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Court Dismisses a Case Asserting Torture by C.I.A.

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  • The Obama national security team has also authorized the C.I.A. to try to kill a United States citizen suspected of terrorism ties, blocked efforts by detainees in Afghanistan to bring habeas corpus lawsuits challenging the basis for their imprisonment without trial, and continued the C.I.A.’s so-called extraordinary rendition program of prisoner transfers — though the administration has forbidden torture and says it seeks assurances from other countries that detainees will not be mistreated.
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  • Torture Is a Crime, Not a Secret
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Charlie Savage, New York Times | NY

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Submitted by Evergreene Digest Contributing Editor Bob Heberle

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Binyam Mohamed, an Ethiopian now in London, says he was arrested in Pakistan and handed to the C.I.A., which then passed him to the security service in Morocco, where he was tortured.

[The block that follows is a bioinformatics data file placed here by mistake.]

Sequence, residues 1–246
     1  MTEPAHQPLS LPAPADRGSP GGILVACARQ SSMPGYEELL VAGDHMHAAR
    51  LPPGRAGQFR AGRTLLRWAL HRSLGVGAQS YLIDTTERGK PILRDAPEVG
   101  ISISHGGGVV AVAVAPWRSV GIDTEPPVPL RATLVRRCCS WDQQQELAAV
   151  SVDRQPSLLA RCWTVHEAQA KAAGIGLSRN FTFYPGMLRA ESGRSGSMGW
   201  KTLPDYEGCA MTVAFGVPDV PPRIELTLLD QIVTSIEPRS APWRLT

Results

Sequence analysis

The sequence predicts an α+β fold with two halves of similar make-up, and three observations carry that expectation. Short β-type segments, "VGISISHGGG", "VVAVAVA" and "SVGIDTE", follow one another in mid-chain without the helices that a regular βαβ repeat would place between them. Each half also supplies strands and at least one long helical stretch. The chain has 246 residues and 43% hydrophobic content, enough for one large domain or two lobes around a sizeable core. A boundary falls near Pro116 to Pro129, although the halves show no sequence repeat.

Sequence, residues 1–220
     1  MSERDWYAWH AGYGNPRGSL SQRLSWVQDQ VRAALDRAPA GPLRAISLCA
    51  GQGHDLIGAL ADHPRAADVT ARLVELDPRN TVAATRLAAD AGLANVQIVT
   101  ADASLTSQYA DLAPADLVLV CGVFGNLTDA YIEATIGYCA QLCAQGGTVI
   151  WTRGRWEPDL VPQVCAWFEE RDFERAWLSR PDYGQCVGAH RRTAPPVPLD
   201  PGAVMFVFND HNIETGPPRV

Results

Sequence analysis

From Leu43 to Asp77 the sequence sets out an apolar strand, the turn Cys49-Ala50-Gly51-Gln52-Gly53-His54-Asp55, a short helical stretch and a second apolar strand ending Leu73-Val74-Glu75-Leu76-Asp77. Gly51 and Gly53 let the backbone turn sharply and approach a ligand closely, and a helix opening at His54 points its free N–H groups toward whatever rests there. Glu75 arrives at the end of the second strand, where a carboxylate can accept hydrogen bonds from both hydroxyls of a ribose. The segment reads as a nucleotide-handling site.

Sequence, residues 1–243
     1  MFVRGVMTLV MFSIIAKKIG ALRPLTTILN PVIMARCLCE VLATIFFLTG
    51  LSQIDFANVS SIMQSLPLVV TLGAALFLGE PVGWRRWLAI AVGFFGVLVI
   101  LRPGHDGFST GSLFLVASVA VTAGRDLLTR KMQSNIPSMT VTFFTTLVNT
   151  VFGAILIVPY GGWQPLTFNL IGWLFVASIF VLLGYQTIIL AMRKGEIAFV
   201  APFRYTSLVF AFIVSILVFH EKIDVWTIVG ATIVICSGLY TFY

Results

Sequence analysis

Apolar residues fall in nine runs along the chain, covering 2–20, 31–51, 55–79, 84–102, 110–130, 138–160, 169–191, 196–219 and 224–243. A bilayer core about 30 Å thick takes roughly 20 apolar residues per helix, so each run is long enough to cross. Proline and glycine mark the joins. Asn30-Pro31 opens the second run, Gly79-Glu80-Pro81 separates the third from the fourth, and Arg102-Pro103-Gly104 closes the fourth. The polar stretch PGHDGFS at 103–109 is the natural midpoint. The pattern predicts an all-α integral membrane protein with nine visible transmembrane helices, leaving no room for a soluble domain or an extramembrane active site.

Shaun Curry/Agence France-Presse — Getty Images

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A federal appeals court on Wednesday (September 8) ruled that former prisoners of the C.I.A. could not sue over their alleged torture in overseas prisons because such a lawsuit might expose secret government information.

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The sharply divided ruling was a major victory for the Obama administration’s efforts to advance a sweeping view of executive secrecy powers. It strengthens the White House’s hand as it has pushed an array of assertive counterterrorism policies, while raising an opportunity for the Supreme Court to rule for the first time in decades on the scope of the president’s power to restrict litigation that could reveal state secrets.

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Torture Is a Crime, Not a Secret, New York Times | NY
Submitted by Evergreene Digest Contributing Editor Bob Heberle
All too often in the past, the judges pointed out, secrecy privileges have been used to avoid embarrassing the government, not to protect real secrets. In this case, the embarrassment and the shame to America’s reputation are already too well known.